MEPs call for return to borderless Schengen area and reform of Border Code

EP backs the full integration on Bulgaria, Romania into Schengen, Croatia also fulfils accession criteria

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MEPs call for the restoration of free movement within the Schengen area, which has been disrupted by border controls, most recently because of the Covid-19 crisis. The European Parliament argues that member states should swiftly restore free movement in the Schengen area in its newly adopted Schengen report (505 votes in favour, 134 against and 54 abstentions), EP Press service reported on Thursday.

Noting that some internal border controls have been in place since 2015, MEPs say that such checks no longer fill the criteria of proportionality and necessity, and are therefore unlawful. Where necessary, the Commission should also initiate infringement procedures.

MEPs are concerned by reports of push-backs by Frontex on the Schengen external borders and demand more transparency about its activities, notably those taking place at sea, and fulfilment of its reporting obligations. The Parliament emphasizes that helping people in distress at sea is a legal obligation and demands that the border agency hires the fundamental rights monitors it needs according to its Regulation.

The report also demands full integration of Bulgaria and Romania into the free-movement zone, noting that both countries have fulfilled the requirements for joining Schengen.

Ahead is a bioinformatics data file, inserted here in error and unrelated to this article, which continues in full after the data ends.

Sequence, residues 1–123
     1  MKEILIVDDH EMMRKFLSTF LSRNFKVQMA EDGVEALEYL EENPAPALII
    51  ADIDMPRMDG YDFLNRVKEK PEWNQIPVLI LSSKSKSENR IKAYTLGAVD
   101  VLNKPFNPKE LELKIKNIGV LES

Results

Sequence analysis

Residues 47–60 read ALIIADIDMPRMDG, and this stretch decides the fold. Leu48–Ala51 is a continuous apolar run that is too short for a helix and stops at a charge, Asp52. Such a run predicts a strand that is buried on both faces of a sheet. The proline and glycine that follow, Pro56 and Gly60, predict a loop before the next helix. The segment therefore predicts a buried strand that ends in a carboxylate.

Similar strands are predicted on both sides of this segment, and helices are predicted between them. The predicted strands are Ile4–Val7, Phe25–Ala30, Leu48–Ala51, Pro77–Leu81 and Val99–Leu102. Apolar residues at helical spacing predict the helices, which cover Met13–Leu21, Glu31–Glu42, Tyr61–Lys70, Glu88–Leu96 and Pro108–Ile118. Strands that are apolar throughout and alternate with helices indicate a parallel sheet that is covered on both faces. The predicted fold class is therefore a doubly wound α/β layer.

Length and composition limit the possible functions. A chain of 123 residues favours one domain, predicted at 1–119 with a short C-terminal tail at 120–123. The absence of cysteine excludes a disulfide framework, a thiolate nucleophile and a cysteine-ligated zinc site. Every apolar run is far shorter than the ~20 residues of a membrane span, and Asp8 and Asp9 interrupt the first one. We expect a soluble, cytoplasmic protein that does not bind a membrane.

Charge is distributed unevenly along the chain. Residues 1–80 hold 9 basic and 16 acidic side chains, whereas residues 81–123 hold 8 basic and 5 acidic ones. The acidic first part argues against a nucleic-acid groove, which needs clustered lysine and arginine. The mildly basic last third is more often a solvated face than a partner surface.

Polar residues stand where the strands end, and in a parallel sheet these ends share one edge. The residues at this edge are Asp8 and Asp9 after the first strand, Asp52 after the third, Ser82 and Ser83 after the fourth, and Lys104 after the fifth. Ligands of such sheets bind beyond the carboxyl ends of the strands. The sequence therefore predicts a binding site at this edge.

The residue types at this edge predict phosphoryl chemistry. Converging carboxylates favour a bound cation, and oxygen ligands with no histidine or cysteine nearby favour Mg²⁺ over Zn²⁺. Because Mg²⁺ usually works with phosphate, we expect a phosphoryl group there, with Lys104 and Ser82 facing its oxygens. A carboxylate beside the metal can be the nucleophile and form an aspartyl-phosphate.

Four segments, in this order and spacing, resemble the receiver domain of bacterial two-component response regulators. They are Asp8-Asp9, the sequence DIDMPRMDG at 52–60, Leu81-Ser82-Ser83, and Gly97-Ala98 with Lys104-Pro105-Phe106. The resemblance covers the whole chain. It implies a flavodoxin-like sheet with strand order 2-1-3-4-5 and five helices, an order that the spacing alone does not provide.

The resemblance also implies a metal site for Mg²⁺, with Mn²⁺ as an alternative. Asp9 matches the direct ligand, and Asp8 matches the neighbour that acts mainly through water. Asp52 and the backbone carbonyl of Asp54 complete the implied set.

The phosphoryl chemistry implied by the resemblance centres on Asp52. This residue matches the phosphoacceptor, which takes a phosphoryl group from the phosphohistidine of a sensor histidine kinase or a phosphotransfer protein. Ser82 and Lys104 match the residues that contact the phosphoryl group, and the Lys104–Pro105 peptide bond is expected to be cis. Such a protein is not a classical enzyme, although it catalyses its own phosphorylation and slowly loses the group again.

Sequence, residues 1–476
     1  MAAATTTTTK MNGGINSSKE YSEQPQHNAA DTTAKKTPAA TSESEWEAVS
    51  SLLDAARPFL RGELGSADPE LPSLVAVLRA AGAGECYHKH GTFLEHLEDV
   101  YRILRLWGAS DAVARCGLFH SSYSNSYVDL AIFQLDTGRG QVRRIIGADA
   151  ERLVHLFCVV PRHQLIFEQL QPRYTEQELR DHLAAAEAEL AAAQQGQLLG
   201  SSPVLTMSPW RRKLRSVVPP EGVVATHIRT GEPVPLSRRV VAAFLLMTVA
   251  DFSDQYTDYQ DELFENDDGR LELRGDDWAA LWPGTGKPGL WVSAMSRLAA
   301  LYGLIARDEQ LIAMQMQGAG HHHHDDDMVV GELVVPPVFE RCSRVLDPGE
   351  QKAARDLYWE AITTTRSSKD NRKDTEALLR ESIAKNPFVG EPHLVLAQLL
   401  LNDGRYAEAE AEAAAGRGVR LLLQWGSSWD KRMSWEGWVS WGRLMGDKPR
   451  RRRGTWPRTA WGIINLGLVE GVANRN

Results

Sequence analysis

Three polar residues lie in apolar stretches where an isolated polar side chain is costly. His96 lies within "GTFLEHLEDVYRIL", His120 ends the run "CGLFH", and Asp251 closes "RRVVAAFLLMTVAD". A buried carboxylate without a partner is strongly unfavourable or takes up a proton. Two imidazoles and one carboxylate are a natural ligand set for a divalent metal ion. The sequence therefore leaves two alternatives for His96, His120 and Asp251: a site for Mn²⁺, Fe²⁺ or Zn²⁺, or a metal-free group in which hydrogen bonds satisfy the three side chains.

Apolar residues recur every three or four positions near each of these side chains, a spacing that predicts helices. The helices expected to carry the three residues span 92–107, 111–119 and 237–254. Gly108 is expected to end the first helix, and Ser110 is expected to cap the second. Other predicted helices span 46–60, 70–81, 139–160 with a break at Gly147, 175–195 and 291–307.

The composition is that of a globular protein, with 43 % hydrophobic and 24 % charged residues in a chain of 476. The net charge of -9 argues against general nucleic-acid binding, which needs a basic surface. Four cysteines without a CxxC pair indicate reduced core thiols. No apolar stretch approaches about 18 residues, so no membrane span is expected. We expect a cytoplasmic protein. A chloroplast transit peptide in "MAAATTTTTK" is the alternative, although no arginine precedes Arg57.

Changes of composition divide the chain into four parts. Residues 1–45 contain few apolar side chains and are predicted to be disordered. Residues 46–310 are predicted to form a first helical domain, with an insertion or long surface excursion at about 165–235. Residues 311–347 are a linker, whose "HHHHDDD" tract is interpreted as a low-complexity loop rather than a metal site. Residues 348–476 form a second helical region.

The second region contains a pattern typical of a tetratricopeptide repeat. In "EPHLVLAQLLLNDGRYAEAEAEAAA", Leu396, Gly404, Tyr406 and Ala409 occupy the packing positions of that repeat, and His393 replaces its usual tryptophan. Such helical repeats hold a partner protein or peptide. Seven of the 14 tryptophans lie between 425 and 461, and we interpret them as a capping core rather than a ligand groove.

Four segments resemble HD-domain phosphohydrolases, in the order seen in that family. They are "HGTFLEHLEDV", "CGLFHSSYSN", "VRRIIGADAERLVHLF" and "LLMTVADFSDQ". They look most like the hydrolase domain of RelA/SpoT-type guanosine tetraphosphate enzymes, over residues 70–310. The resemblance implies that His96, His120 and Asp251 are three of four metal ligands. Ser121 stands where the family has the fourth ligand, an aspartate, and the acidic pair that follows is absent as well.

Croatia has also fulfilled the requirements, as the Commission noted during its visit to the country in November 2020. However, MEPs are concerned about reports of human rights abuses at Croatia’s borders and hope that Croatia ensures adequate staffing levels, training and surveillance in its border operations. Croatia has already introduced an independent mechanism for monitoring police actions towards displaced persons, which the MEPs find a positive development.

Finally, MEPs welcome the development of IT systems (such as the Visa Information System and the Entry-Exit System) in the areas of border and visa management, and ask that these projects be completed without delays. Looking ahead, the Parliament underlines that a reform of the Schengen Borders Code is necessary to address the current state of the border-free travel area. While border controls remain a prerogative of the member states, new safeguard mechanisms could ensure the withdrawal of controls when they are no longer a proportionate response.

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